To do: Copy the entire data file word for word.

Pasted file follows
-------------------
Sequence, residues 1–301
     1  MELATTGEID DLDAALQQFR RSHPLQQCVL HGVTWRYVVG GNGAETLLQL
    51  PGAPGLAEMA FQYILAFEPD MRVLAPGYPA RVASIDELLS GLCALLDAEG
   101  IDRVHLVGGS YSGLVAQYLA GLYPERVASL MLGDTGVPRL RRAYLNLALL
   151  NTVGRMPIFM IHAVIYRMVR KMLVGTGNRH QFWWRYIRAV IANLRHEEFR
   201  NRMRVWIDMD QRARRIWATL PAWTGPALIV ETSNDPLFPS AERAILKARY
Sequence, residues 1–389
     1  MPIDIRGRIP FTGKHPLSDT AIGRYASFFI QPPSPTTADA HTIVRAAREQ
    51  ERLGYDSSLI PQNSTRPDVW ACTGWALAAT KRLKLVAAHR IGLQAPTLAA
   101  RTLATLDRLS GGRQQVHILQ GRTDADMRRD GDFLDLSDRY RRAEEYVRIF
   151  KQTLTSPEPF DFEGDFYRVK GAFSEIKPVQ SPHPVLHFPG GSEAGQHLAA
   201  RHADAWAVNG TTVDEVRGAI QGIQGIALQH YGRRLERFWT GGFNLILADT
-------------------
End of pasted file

Sequence, residues 1–301
     1  MELATTGEID DLDAALQQFR RSHPLQQCVL HGVTWRYVVG GNGAETLLQL
    51  PGAPGLAEMA FQYILAFEPD MRVLAPGYPA RVASIDELLS GLCALLDAEG
   101  IDRVHLVGGS YSGLVAQYLA GLYPERVASL MLGDTGVPRL RRAYLNLALL
   151  NTVGRMPIFM IHAVIYRMVR KMLVGTGNRH QFWWRYIRAV IANLRHEEFR
   201  NRMRVWIDMD QRARRIWATL PAWTGPALIV ETSNDPLFPS AERAILKARY
Sequence, residues 1–389
     1  MPIDIRGRIP FTGKHPLSDT AIGRYASFFI QPPSPTTADA HTIVRAAREQ
    51  ERLGYDSSLI PQNSTRPDVW ACTGWALAAT KRLKLVAAHR IGLQAPTLAA
   101  RTLATLDRLS GGRQQVHILQ GRTDADMRRD GDFLDLSDRY RRAEEYVRIF
   151  KQTLTSPEPF DFEGDFYRVK GAFSEIKPVQ SPHPVLHFPG GSEAGQHLAA
   201  RHADAWAVNG TTVDEVRGAI QGIQGIALQH YGRRLERFWT GGFNLILADT